Ravi Joshi (India)
9th February 2020 - 8 AM - 10 AM - Manji ka Ghat (Ambrai Ghat)
Born and educated in the beautiful lake town of Nainital, Ravi Joshi received his initial training in classical vocal from Dr. Rekha Sah.
Under Pt. Kumar Gandharva’s senior disciple Pt Nalin Dholakia ji’s discerning and meticulous guidance in the guru shishya parampara, Ravi received a thorough training in the nuances of Kumarji’s distinctive style of music. Ravi also received guidance from Pandit Mukul Shivputra and the learning continues under the illustrious tutelage of Padmashri Pandit MadhupMudgal ji. A Gold Medalist post-graduate from Delhi University, Ravi is a “B”highgrade artist from All India Radio New Delhi. At present he is Assistant Professor and heads the Department of Music,Kumaon University, Nainital.
Hailed by critics and rasikas alike The Hindu describes him as “a young and talented disciple of MadhupMudgal, who has admirably imbibed the challenging gayaki of his guru’s guru, Pandit Kumar Gandharva.” And Shubra Mazumdar, the well-known music critic, said, “Despite being a young performer the quality of his musical acumen remained steadfast and constant till the very end, reflecting on the regimen of tayyari that Ravi Joshi has been ingrained to adopt……and speaks of a musical training that is intelligently conceived, and musical to the ears.”
Apart from giving many performances in India, Ravi has accompanied his Guru Pandit MadhupMudgaljito Germany, Karachi, Morocco, and Russia for various programmes.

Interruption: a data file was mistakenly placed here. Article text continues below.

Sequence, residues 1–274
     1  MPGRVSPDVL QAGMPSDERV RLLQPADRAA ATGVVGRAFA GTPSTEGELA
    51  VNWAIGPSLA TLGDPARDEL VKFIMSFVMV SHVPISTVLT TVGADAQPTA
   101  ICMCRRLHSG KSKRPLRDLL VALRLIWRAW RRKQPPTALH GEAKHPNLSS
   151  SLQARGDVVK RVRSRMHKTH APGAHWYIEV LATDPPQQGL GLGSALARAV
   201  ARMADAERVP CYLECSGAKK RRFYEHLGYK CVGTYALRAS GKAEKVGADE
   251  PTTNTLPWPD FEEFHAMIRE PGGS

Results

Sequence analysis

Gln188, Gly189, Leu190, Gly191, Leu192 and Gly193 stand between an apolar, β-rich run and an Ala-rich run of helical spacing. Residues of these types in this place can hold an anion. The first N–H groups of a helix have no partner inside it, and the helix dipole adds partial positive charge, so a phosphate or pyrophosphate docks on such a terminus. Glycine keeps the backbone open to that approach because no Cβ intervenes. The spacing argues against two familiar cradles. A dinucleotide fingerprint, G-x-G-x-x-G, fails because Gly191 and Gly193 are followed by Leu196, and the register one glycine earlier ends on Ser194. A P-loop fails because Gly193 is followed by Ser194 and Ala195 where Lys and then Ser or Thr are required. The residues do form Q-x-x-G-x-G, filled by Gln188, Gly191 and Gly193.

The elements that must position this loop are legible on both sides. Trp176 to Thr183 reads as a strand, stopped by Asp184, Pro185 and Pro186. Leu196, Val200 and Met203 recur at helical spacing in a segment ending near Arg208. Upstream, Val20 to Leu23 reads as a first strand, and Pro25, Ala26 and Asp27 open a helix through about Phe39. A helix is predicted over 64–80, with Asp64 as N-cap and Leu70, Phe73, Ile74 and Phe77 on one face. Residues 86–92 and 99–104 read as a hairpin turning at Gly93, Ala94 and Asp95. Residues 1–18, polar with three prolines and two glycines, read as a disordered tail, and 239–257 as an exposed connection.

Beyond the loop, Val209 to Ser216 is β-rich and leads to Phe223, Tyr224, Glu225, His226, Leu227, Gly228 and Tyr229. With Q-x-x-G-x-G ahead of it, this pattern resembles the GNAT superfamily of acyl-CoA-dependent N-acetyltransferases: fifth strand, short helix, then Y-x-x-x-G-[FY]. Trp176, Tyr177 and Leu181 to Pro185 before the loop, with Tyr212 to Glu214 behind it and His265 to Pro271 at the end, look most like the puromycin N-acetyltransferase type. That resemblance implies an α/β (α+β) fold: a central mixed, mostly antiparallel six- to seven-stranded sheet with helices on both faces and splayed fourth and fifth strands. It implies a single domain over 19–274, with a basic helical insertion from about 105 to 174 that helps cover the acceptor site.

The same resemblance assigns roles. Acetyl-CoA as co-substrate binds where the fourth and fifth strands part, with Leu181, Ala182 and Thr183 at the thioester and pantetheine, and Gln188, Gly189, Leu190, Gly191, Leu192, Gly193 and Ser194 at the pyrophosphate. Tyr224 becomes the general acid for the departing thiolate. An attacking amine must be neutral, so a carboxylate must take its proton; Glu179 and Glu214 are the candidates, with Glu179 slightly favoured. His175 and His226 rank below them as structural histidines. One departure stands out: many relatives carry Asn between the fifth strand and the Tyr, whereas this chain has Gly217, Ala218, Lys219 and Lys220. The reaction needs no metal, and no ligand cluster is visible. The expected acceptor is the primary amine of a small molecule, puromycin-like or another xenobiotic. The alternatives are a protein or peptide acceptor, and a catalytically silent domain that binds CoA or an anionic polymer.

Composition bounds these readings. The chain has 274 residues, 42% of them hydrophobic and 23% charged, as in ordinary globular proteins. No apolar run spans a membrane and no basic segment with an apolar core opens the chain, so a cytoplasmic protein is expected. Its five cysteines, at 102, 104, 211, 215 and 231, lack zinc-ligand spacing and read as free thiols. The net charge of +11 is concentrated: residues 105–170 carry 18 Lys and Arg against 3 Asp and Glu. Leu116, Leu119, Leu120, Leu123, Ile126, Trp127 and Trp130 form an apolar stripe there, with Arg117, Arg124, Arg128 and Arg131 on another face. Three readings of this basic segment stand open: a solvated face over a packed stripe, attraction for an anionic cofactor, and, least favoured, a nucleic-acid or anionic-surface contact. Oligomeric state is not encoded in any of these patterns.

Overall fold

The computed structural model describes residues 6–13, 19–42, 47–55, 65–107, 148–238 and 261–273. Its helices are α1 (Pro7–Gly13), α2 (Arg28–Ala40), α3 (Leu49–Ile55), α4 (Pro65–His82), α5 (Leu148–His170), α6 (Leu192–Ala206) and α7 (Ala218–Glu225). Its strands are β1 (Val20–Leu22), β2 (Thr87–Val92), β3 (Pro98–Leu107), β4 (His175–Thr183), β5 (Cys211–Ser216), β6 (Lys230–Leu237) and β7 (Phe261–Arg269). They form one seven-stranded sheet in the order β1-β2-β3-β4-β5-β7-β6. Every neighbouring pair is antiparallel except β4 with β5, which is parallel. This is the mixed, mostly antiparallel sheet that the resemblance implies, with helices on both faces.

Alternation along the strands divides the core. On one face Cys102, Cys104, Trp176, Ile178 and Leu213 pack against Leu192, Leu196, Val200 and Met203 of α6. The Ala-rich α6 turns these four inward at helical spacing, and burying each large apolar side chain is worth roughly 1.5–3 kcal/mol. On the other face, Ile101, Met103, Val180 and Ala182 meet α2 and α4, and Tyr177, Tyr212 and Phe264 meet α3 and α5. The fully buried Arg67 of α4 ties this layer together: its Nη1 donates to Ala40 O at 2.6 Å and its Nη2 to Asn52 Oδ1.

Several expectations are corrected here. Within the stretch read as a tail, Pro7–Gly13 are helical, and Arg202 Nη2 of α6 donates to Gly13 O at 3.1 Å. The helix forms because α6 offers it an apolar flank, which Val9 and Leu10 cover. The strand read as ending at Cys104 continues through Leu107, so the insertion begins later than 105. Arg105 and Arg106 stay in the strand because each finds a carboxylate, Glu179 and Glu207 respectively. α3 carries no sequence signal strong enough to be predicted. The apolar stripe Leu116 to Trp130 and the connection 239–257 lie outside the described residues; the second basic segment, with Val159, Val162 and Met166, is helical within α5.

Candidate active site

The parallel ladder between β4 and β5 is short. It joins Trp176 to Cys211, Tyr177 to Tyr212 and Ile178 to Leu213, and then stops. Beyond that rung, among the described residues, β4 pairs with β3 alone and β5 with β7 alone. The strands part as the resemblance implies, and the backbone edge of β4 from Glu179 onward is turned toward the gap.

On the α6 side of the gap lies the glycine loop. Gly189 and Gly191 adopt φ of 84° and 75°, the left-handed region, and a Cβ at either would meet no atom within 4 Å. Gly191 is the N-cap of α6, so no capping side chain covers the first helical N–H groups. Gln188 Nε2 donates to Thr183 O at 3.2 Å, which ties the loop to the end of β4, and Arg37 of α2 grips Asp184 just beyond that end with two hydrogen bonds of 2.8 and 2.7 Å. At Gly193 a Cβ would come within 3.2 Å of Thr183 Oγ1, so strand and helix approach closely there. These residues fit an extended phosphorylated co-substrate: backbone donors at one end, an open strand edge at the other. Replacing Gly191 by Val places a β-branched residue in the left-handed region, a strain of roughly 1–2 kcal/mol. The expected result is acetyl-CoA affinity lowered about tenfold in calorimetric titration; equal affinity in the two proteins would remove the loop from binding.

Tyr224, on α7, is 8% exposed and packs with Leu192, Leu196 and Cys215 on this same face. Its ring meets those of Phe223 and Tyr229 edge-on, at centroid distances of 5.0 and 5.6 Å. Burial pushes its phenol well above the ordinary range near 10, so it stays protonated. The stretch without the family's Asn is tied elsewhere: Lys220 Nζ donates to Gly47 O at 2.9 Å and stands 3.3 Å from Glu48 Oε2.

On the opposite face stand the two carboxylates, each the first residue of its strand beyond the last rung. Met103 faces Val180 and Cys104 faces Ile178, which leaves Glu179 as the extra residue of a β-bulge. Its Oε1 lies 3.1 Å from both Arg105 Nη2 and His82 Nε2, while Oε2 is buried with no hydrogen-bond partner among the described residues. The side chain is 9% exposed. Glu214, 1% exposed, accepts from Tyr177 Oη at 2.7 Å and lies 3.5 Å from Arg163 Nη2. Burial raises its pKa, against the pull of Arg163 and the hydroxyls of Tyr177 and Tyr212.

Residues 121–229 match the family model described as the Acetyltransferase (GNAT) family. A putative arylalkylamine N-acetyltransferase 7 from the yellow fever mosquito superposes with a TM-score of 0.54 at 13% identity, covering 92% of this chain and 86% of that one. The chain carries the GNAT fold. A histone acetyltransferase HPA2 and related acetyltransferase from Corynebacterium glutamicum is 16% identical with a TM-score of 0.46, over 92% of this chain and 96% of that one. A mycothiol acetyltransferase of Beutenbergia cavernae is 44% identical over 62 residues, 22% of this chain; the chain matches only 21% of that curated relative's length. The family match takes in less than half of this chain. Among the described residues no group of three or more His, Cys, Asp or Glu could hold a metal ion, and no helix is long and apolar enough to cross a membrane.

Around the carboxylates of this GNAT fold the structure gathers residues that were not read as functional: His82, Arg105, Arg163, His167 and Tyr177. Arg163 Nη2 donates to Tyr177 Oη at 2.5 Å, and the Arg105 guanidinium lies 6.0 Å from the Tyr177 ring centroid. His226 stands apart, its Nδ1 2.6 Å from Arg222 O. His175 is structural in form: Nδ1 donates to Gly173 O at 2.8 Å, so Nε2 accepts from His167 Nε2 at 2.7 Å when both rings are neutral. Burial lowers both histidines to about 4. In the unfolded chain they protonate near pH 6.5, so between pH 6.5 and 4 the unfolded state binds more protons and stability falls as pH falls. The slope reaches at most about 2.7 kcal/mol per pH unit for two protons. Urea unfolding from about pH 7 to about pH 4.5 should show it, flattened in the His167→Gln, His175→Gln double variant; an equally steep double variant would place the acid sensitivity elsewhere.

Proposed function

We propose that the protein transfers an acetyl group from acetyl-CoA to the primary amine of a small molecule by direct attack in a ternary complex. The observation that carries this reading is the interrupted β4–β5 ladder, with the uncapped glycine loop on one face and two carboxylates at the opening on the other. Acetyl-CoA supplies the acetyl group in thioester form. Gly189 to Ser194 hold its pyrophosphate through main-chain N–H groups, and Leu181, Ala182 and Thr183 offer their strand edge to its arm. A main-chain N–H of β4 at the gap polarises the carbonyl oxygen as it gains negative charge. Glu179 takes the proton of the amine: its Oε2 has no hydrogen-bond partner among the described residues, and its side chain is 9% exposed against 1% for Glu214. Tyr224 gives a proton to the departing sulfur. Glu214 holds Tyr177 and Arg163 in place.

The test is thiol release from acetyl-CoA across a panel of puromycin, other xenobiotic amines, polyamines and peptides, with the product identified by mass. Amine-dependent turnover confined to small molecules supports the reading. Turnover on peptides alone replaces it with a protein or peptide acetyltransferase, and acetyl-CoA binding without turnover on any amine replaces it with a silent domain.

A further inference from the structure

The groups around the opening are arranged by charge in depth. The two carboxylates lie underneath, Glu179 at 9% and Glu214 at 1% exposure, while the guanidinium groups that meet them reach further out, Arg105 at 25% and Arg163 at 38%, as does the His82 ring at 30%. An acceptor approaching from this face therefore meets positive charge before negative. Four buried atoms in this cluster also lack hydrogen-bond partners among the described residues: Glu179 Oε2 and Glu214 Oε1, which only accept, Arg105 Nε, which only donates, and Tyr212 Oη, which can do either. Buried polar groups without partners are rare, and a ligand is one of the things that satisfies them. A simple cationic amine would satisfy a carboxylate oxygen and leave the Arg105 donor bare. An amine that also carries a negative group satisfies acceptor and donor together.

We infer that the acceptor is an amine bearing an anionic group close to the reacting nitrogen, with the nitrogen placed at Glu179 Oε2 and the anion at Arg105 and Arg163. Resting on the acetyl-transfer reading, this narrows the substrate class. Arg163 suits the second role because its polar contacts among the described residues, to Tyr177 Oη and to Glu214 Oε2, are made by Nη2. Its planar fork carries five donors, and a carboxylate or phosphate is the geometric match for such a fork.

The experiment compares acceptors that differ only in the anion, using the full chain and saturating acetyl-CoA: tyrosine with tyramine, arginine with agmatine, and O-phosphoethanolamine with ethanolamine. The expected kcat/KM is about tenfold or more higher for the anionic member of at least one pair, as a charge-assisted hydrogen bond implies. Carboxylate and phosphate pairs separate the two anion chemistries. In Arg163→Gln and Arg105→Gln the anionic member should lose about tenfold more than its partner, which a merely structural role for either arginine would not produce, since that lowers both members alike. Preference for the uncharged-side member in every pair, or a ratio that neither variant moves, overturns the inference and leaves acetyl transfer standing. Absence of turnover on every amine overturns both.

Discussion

In addition toseveral private baithaks,Ravi Joshi’s recent classical performances include ‘Sadhyayan’, a concert seriesorganized by the Department of Music, Delhi University,and for ‘Smaran’ at the India Habitat Centre for the Swarit Foundation.More recently Shri Ravi Joshi sang morning ragas and bhajansat theCeremony of Remembrance for the 75th Birth anniversary of Shri Rajiv Gandhi at Vir Bhumi and nirgun/sagun bhajans at the India International Centre, Delhi.
TodayRavi Joshi will present “MiyankiTodi” a raga of the 15th century attributed toMiyanTansen. The composition of this morning raga is such that that an artist can mould the notes from prayerful and soulful devotion to a festive and playful mood.
This raga is sung and performed by each and every gharana transcending religious categories.Bade Ghulam Ali Khan, for example, sang the bandish ‘Hari Om Tat Sat’ in Todi while SushriKishoriAmonkarsang ‘Begun gun gayiye Allah kesaamne’ in the same raga. A striking hallmark of Hindustani classical music is the continued artistic liberty and creative exchange beyond the limitations of religious boundaries, thus promoting communal harmony. The intermingling of cultures has helped not just conserve and refine Hindustani classical music, but its ongoing evolution preserves it for future generations.